The Kokoda Track is a long, thin track cut through the dense vegetation of Papua New Guinean rugged mountain terrain.
Conditions on the Kokoda Track were appalling for both the Australian and Japanese soldiers in 1942. The narrow dirt track climbed steep on heavily timbered mountains, and then descended into deep valleys choked with dense rain forest. The steep gradients and the thick vegetation made movement difficult, exhausting, and at times dangerous. Razor-sharp kunai grass tore at soldiers clothing and slashed their skin. The average annual rainfall over most of the Kokoda Track is about 5 meters (16 feet), and daily rainfalls of 25 centimeters (10 inches) are not uncommon. When these rains fell, dirt tracks quickly dissolved into calf-deep mud which exhausted the soldiers after they had struggled several hundred meters through it. Small streams in mountain quickly became almost impassable torrents when the rains began to fall.
Supply was a nightmare, because every item of food, ammunition and equipment had to be man-handled along the track or dropped by air. Heat, oppressive humidity, mosquitoes and leeches added to the discomfort of the rain-drenched soldiers who were often without adequate food.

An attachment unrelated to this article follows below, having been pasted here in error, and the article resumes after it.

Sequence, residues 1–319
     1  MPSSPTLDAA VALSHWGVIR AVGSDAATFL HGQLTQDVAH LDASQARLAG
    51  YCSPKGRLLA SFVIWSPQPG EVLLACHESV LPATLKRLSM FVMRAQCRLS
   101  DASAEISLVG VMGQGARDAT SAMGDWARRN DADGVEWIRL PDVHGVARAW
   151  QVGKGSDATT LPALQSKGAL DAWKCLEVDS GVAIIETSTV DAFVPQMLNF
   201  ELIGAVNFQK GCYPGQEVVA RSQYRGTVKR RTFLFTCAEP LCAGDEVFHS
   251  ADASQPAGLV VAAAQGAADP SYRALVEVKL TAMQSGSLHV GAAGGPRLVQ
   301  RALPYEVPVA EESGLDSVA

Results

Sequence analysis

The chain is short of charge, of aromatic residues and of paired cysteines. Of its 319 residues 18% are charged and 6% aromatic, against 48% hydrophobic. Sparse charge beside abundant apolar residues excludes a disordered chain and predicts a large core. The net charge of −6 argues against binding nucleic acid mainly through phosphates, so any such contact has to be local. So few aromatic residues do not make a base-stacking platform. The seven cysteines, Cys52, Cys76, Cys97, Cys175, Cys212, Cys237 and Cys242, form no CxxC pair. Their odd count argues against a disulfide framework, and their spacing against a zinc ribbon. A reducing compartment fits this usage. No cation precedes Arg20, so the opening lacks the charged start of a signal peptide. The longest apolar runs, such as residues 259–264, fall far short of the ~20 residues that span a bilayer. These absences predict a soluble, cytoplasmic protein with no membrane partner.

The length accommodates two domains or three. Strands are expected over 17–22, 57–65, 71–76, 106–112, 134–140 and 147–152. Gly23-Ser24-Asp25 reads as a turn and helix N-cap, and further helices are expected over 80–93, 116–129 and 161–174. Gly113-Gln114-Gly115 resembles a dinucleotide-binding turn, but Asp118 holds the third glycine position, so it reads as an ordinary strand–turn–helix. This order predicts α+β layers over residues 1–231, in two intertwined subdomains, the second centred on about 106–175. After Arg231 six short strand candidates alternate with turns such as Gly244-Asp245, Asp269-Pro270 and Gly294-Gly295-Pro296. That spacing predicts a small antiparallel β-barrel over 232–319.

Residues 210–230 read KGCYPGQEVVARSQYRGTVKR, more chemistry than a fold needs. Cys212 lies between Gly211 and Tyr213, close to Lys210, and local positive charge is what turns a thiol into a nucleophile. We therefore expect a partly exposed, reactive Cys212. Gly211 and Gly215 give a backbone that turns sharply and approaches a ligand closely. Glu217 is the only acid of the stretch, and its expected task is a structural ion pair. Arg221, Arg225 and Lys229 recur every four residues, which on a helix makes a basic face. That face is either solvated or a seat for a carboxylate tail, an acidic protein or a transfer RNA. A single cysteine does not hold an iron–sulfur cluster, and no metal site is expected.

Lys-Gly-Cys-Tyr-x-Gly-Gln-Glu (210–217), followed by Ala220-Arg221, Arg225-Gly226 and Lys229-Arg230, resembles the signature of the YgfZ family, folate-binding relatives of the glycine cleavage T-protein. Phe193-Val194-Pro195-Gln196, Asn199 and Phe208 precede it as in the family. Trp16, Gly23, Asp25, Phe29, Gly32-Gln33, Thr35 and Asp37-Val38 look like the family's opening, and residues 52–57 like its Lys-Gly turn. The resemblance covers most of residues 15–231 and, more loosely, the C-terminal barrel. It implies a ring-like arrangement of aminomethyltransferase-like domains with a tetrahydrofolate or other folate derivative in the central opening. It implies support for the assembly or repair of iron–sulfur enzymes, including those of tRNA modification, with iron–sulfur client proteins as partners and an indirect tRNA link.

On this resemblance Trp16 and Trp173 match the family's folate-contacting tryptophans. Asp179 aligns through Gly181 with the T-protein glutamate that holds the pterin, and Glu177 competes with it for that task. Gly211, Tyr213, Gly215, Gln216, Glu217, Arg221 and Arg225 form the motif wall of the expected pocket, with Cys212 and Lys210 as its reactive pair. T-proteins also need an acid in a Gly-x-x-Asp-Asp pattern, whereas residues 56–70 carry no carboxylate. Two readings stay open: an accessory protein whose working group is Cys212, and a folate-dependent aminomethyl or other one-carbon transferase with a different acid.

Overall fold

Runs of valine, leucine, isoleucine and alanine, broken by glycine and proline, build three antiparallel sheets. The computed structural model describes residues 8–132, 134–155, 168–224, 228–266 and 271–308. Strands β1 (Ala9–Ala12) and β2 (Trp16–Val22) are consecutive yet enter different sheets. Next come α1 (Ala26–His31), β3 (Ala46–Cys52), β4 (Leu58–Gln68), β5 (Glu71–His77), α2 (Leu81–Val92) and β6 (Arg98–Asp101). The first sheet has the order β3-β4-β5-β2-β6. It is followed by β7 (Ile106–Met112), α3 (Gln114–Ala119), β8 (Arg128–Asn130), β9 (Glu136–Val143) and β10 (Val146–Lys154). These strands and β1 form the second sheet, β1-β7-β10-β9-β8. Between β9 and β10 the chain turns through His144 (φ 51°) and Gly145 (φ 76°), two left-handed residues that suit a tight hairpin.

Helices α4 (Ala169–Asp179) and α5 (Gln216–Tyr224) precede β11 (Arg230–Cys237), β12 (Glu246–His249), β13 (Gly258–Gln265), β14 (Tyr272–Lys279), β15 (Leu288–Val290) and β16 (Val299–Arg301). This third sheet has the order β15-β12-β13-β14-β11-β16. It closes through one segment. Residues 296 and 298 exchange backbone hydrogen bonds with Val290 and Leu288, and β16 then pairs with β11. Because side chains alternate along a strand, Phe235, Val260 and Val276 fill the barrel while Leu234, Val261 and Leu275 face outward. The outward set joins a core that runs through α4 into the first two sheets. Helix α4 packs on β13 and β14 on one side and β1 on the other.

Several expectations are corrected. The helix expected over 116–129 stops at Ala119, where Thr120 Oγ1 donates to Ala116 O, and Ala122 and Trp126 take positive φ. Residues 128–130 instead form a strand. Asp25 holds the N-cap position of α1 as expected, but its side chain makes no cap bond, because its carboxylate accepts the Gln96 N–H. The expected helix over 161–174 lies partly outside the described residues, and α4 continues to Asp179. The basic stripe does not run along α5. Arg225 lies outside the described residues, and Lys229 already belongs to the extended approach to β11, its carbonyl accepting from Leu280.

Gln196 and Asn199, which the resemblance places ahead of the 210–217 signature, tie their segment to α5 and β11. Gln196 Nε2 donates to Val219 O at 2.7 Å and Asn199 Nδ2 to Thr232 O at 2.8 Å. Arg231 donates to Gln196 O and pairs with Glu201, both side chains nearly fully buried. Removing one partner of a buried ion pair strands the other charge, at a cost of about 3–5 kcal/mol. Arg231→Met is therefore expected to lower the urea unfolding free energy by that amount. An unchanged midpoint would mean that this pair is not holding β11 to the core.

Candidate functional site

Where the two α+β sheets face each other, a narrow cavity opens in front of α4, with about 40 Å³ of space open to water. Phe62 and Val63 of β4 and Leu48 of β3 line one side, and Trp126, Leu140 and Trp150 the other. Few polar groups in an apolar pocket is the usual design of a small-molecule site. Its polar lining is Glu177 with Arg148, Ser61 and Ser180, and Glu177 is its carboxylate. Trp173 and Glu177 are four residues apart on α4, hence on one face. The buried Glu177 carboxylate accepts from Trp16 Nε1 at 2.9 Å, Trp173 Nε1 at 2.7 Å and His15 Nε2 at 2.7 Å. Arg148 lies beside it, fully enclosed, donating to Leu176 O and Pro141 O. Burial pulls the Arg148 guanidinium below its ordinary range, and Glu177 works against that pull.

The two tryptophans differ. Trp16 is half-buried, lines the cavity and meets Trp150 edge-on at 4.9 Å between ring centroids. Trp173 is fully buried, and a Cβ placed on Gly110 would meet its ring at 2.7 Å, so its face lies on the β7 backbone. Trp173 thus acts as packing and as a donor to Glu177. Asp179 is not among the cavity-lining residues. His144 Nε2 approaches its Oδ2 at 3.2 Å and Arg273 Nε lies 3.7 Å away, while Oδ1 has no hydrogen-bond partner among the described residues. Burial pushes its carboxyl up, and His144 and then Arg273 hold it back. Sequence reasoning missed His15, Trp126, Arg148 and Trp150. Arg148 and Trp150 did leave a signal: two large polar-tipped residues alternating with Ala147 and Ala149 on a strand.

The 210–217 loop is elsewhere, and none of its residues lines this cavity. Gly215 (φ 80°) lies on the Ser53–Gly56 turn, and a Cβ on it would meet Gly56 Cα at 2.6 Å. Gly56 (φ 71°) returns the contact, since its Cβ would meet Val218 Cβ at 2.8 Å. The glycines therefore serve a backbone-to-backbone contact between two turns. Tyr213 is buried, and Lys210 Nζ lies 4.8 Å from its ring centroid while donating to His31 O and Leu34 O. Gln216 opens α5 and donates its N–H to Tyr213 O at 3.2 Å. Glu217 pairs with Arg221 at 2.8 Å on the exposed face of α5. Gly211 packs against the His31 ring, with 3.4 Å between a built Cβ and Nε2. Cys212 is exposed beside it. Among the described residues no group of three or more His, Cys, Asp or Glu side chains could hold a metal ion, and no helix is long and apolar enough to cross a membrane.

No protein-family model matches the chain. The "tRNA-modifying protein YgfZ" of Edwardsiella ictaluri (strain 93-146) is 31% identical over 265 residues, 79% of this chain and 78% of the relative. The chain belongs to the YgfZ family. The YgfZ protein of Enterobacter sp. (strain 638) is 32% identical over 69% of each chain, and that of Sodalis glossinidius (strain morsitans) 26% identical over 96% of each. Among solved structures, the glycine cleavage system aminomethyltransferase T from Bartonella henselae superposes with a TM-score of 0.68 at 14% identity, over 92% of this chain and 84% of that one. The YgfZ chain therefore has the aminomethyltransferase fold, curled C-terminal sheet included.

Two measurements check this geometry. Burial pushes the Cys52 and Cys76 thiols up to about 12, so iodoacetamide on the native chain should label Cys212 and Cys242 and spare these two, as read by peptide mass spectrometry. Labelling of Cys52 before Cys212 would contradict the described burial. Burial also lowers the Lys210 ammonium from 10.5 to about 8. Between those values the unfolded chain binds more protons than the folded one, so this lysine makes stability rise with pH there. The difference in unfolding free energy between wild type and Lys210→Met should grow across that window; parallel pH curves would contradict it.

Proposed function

If you wish to find out more about this turning point campaign you can do it by following this link.
You could also use longer but very detailed and informative articles Kokoda Trail 1 and Kokoda Trail 2.
Track or Trail
Although the official name is “Kokoda Trail” we have chosen to use “Kokoda Track”. The company feels that the word “track” is more Australian than “trail”. If you look at the attached photographs you will note that on one side of the entry arch at Owers’ Corner says “Trail” while the other says “Track”.
Owers’ Corner to Kokoda or Kokoda to Owers’ Corner
This is a personal choice but for some reason people believe it is “easier” going from Kokoda to Owers’ Corner. No matter which way people travel it is still strenuous. The advantages of going from Owers’ Corner to Kokoda are as follows:
- The Australian Troops all left from the southern end and as such you will be following in their footstep’
- You actually finish at Kokoda Station and not Ower’s Corner where there is only a park
- You will spend a night and a day at Kokoda which will give you plenty of time to visit the Museum.
- It is safe walking around Kokoda Station where you will not see any razor wire
- The cost of staying at Kokoda compared to Port Moresby is considerably less
- It is most relaxing sitting on the lawn of the guesthouse with a cold beer or other beverage
- You will have time here to give your gear a thorough cleaning to comply with Customs. This is easier in Kokoda than in a motel room at Port Moresby
- You will be able to purchase artifacts from the people of Kokoda. Traditional items such as bilums handmade from natural fibres can be purchased with prior notice
- This is a great opportunity to mix with the local people which you will not be able to do in Port Moresby
Having said the above the company will organize a trek either way. The cost of staying in Port Moresby is extra to the company’s quoted price.